The Sustainable Development Goals (SDGs), adopted by the United Nations General Assembly in September 2015, consist of 17 goals to be achieved by 2030 to make the world a more sustainable and equitable society for all. The international goals are set every 15 years to promote the international community’s development, and the SDGs were preceded by the Millennium Development Goals (MDGs), which were agreed upon in 2000. The MDGs’ central proposition was to reduce poverty in developing countries, and developed countries were expected to provide large amounts of development assistance to achieve these goals. However, in the early 2010s, when the debate on the formulation of the SDGs started, some of the least developed countries and emerging economies began to show significant economic growth. In order to achieve these ambitious international goals, enormous global costs are expected to be incurred. At the same time, corporations have expanded globally, and the amount of private funds flowing to developing countries has exceeded official aid. Under these circumstances, there is a growing awareness of the need to rethink the conventional approach to international cooperation, which is led by developed countries and international organizations. Besides, as the interdependence of the world’s countries, regions, and peoples increases, it has become difficult to think of not only the conservation of the global environment and energy resources but also the movement of people, transnational economic activities, and conflicts in terms of the dichotomy between developed and developing countries. Therefore, the SDGs aim to address domestic and global issues, regardless of whether they occur in developed or developing countries. While the public sector, such as governments of developing and developed countries and international organizations, has traditionally been at the center of the implementation of the international goals, the SDGs are also unique in that they explicitly include a partnership with a variety of actors, such as companies and civil society, as one of the goals (Goal 17: SDG 17).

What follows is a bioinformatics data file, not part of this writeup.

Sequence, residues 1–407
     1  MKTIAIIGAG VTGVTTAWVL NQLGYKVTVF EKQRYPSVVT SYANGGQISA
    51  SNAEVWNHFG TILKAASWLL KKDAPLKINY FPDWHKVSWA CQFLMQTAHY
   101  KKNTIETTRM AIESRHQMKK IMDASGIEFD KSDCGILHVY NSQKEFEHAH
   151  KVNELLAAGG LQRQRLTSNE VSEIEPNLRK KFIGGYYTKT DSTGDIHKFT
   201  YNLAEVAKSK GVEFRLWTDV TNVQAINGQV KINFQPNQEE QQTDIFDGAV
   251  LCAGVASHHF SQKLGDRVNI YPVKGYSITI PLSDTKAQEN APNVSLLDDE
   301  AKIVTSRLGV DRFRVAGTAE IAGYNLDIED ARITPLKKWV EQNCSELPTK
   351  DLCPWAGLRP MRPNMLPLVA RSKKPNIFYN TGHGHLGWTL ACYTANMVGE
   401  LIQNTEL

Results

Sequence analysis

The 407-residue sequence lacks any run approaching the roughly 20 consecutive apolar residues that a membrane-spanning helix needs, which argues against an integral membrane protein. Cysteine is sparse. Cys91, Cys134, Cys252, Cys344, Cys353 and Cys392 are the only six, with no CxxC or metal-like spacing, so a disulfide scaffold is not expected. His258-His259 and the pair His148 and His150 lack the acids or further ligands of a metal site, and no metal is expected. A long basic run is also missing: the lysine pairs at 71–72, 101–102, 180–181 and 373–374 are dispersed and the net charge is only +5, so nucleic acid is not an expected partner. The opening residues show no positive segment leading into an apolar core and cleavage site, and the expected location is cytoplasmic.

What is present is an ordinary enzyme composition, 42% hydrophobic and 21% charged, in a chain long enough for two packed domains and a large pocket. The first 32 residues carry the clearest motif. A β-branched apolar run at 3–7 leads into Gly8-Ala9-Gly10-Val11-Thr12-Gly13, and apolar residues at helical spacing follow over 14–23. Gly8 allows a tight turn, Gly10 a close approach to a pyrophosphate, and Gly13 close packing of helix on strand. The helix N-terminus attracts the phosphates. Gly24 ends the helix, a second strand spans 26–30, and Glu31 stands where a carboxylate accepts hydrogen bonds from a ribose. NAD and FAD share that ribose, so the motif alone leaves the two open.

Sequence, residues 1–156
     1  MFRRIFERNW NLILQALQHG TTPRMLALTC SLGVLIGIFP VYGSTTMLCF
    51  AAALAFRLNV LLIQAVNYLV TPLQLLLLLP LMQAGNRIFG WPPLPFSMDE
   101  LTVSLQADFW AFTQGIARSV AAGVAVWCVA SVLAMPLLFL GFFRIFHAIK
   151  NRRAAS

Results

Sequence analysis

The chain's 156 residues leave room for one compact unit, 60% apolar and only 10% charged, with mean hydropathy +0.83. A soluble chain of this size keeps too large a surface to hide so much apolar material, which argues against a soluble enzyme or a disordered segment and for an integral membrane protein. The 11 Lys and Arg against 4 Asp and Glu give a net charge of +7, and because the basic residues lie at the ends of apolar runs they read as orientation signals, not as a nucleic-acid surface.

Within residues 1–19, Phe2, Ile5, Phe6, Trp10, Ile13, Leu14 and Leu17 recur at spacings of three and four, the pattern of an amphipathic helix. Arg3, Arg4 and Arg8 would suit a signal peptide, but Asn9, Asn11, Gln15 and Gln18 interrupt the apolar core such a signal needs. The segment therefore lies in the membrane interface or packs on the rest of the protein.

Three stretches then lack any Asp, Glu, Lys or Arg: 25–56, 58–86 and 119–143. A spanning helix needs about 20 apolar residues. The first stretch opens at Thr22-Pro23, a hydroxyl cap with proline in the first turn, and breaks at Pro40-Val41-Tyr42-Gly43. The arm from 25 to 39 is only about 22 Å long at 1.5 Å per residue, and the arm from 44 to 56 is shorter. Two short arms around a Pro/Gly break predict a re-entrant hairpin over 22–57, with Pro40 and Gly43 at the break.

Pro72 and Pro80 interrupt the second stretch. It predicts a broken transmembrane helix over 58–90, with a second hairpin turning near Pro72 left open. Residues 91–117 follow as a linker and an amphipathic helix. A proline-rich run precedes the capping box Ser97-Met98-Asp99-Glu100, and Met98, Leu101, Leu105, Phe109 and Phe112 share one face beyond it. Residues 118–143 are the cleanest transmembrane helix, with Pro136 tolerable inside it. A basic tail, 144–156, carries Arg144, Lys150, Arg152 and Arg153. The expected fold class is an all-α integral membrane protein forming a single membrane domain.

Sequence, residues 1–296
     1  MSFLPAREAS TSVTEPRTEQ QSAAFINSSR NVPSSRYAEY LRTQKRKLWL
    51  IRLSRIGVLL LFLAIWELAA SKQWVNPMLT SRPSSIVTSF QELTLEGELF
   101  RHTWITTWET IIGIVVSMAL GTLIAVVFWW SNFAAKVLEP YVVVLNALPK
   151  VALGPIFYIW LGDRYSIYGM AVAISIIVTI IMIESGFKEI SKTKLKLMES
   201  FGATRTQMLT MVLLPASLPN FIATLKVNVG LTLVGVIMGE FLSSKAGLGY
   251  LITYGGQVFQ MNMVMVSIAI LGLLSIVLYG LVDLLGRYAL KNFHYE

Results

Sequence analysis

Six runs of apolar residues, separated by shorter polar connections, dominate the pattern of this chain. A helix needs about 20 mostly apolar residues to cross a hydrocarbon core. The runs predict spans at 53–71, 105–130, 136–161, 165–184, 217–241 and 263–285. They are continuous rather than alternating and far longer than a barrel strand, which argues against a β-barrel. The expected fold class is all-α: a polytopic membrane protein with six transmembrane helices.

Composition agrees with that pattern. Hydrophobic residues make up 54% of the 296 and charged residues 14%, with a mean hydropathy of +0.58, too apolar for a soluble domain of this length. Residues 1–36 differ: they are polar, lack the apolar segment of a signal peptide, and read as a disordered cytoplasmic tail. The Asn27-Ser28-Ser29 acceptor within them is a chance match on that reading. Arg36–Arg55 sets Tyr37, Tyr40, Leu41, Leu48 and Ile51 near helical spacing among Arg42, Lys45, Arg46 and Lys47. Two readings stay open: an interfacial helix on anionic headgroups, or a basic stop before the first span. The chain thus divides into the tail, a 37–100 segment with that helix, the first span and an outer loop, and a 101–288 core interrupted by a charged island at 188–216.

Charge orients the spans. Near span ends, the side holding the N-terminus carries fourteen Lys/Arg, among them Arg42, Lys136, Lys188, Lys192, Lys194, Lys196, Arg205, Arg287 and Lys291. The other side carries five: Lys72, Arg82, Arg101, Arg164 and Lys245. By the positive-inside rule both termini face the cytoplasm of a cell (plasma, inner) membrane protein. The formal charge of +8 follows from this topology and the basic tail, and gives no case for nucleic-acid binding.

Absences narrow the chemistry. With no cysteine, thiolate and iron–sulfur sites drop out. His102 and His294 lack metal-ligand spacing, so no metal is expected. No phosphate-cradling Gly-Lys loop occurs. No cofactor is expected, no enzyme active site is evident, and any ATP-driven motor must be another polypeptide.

Source: United Nation
How does the development of industrial human resources fit into this global idealistic framework? In the main, SDG 4, which aims to promote quality education, SDG 8, which aims to provide employability and a decent income, and SDG 9, which aims to promote industrialization and innovation, will be closely related. Up to the MDGs, evaluations were often focused on the quantity and quality of educational services (especially at the basic education level), such as the increase in the number of facilities and teachers needed for schooling and the expansion of school enrollment. However, SDG 4 has shifted to a new direction, which targets education and training at all levels and evaluates them based on the knowledge, skills, and attitudinal changes (learning outcomes) acquired by those who have learned them. Based on this thinking, school curricula shift to competency-based training (CBT), which emphasizes practical training at companies and on-campus, and recognizes qualifications based on what students can do on the job. The value of apprenticeships and on-the-job training is being reevaluated, and the effectiveness of schooling in vocational programs is under more significant pressure than ever before.
The MDGs aimed to disseminate basic education to reduce poverty entirely, and many developing countries have seen a significant increase in enrollment rates. However, many young people do not have stable employment after completing basic education. The International Labor Organization (ILO) estimates that 37.7 percent of the world’s young people in employment (156 million) earn less than $2 per day (ILO 2016). As SDG 8 states, providing a stable livelihood in order to make decent work available to as many people as possible, the quality of education must be improved—to acquire knowledge and skills and problem-solving abilities that can be applied to post-graduate lives, including work. In the sense that the chain of “knowledge → employment → stability and growth” is linked to all people’s lives, regardless of gender, age, or place of residence, many of the 17 SDGs can be related to industrial human resource development.